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Pulmonary Hypertension


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#1 anaelenawallar

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Posted 20 December 2012 - 05:52 AM

I had my doctor's appointment yesterday and he seems a little concerned about me having Pulmonary Hypertension. He wants me to see a team of Pulmonologists in January.

I hope they don't find PAH but if they do, I want to know if there is anyone in this forum living with that condition. What should I expect in the future? The internet is pretty scary.

Thank you in advance for your help.

Ana

#2 Joelf

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Posted 20 December 2012 - 01:33 PM

Hi Ana,

Welcome to these forums!

I'm assuming that you have Scleroderma and I'm sorry to hear that it's possible that you may have Pulmonary Hypertension. I hope that your doctor's worry is unfounded. Although I have lung (pulmonary) involvement, thankfully I don't have PAH. However, we do have members who do suffer with this complication due to Scleroderma and it's possible that they will be along to give you more first hand advice. We also have a collection of PAH patient and caregiver stories to provide some more support for you.

Please do keep posting and let us know the results of your pulmonologists' appointments in January.

:emoticons-group-hug:

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#3 miocean

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Posted 20 December 2012 - 11:12 PM

Dear Ana,

The internet can be a scary place, can't it? Welcome to the forum and please share with us what you find out. First of all PAH can be primary, meaning that it is your only disease, or secondary, meaning it comes along with another condition. If you already have been diagnosed with scleroderma, it would be secondary.

I have diffuse scleroderma with Interstial Lung Disease (ILD) along with damage to all my organs, and had a kidney transplant a couple of years ago. Interestingly, I was diagnosed with PAH right before my transplant and was supposed to start medication but due to the transplant, could not take anything, and then it sort of went away. I will be tested again in January and these are the standard tests:

The initial testing will probably be a pulmonary function test (PFT) where your lung capacity and diffusion rate (DCLO) are tested. These will tell your lung capacity and how much oxygen is flowing in and out of your lungs. It is noninvasive and you follow the directions of the technician for breathing in and out of a machine that is connected to a computer. This is usually accompanied by a 6 minute walk test to see if you desaturate during exercise and an ECHO of your heart, possibly a CT scan of your lungs, all noninvasive tests. If there is a question with any of these a right heart catherization is the standard for diagnosing PAH. This is a procedure done under a light anesthesia and local, usually the entry point is in your groin, and the pressures are tested in the arteries going to your heart and lungs. It can also find blockages.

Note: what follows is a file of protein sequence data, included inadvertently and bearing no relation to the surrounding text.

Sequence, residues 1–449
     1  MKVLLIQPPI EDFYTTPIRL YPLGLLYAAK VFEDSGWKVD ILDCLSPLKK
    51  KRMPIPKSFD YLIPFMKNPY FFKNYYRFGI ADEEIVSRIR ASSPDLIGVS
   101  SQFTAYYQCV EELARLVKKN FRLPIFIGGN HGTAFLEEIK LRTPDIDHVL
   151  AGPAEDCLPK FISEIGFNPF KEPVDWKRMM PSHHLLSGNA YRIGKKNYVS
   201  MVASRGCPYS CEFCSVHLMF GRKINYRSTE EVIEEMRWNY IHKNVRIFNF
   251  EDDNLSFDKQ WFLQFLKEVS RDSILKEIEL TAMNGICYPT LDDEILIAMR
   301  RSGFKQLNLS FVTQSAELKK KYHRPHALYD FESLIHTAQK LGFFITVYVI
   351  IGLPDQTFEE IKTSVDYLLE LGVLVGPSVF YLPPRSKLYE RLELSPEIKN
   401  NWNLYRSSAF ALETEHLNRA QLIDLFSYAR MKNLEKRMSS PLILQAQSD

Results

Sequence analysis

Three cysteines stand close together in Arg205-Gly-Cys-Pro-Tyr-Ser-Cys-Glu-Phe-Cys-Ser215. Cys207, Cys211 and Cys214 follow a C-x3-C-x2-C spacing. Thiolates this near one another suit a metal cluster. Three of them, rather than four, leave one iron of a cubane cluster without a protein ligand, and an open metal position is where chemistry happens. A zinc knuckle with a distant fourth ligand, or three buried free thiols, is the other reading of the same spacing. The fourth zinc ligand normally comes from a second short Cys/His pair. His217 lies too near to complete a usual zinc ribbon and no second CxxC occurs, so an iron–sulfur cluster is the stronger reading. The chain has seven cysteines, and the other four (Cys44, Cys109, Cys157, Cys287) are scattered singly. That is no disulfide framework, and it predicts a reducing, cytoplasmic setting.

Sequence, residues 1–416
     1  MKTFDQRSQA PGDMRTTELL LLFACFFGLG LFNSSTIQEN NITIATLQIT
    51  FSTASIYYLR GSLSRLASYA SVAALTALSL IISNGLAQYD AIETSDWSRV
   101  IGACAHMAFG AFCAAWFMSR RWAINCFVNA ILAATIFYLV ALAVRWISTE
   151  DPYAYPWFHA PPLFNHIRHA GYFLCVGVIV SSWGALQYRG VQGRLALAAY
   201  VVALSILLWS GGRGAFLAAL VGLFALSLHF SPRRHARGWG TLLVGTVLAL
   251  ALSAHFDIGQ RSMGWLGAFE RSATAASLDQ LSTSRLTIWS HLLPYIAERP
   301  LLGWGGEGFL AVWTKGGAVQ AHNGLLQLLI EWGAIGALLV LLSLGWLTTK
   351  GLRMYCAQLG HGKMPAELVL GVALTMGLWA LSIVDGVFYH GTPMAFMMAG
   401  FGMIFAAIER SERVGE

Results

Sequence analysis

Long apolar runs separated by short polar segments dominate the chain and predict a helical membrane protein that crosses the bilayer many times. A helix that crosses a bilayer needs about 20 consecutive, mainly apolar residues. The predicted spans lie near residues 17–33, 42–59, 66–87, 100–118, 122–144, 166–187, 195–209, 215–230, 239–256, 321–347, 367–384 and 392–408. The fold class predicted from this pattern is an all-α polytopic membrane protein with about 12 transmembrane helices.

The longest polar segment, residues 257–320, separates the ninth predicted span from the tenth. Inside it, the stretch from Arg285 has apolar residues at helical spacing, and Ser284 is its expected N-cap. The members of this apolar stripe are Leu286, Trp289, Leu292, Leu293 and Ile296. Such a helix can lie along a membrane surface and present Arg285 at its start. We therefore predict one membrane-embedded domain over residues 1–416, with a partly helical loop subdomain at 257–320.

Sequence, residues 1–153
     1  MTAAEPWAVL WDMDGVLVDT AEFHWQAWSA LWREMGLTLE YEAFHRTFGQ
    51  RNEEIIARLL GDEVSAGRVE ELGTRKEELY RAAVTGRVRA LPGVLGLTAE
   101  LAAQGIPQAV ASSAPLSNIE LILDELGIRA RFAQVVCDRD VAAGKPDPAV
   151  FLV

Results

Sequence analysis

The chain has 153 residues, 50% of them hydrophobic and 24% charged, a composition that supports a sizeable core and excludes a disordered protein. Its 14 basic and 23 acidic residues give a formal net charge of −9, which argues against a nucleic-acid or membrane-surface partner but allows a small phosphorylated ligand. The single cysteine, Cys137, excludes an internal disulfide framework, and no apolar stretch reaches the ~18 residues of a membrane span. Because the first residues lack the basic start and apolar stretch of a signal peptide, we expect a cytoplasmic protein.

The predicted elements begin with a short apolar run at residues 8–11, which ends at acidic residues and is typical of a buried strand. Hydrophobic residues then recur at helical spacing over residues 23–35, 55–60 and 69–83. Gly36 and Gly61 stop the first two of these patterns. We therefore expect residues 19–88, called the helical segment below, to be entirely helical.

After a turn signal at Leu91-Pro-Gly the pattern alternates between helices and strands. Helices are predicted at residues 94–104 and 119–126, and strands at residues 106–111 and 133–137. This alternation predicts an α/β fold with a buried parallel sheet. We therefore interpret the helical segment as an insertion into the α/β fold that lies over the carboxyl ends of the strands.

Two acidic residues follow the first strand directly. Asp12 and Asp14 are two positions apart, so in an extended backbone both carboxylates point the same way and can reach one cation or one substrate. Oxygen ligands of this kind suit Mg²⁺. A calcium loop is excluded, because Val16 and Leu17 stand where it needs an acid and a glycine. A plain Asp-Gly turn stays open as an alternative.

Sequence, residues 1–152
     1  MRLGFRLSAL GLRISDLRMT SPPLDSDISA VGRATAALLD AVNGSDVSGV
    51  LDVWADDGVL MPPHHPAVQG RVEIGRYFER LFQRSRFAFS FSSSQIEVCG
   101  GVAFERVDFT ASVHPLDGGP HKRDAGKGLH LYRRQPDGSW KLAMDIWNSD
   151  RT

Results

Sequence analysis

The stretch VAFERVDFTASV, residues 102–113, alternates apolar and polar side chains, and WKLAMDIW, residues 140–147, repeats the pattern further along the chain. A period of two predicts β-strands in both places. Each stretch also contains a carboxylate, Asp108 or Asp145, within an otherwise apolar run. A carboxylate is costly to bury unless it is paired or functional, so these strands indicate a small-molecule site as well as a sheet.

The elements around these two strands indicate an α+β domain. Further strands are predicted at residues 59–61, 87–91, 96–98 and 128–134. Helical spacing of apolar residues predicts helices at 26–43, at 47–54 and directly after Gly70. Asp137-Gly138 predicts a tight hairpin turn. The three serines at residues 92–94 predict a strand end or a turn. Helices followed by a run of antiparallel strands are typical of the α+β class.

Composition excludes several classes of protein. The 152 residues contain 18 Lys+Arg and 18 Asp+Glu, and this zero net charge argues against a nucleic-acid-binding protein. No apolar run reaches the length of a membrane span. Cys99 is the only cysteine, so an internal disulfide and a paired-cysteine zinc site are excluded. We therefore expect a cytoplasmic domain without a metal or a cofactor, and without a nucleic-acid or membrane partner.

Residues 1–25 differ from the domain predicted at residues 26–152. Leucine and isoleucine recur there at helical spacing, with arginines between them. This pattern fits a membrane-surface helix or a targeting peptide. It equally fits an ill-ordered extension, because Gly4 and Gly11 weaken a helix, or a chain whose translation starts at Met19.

I would highly recommend if you have scleroderma you see a scleroderma specialist and have the tests done at the scleroderma center or under his/her direction. I had a problem with the specialists saying the didn't get the correct numbers form the catherization done by a local cardiologist, in January if my tests show I need a heart cath I will have it done at the center. Always try to go to the best medical team you can.

Keep copies of all of your tests, that is very important. Please ask any questions you want, we are all here to help you.

miocean
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#4 debonair susie

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Posted 21 December 2012 - 09:48 AM

Hi Ana,

I am really pleased you have joined our Community; we have folks from all over the world and there is a wealth of experience with each and every one of them.

You are wise to appoach this information with caution and not expect it to be so, until you know "what is" for sure. Jo provided you witn invaluable information to peruse in the meantime. Yes, as Jo also mentioned, we DO have some here who have PH and I'm hopeful they will share with you, their experiences.

Please keep us updated, as to what the findings are in your case.
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#5 Amanda Thorpe

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Posted 21 December 2012 - 04:51 PM

Hello Ana

Have a look at our pulmonary hypertension video, there's a big difference between the primary and secondary disease and I am assuming you will have it secondary to scleroderma.

Pulmonary hypertension (PH) is a serious illness with no cure but there are treatments for it and mild to moderate cases can remain stable for a long time.

Early diagnosis and treatment are really important. You say "he seems a little concerned about me having Pulmonary Hypertension" so have you actually been diagnosed with PH yet or is it something your doctor suspects and if so based on what? Doppler ECHO can suggest PH but it can only be diagnosed with right heart catheterisation and then catheterisation results can even show a disease more mild than initially suggested by ECHO.

Take care and keep posting.
Amanda Thorpe
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#6 anaelenawallar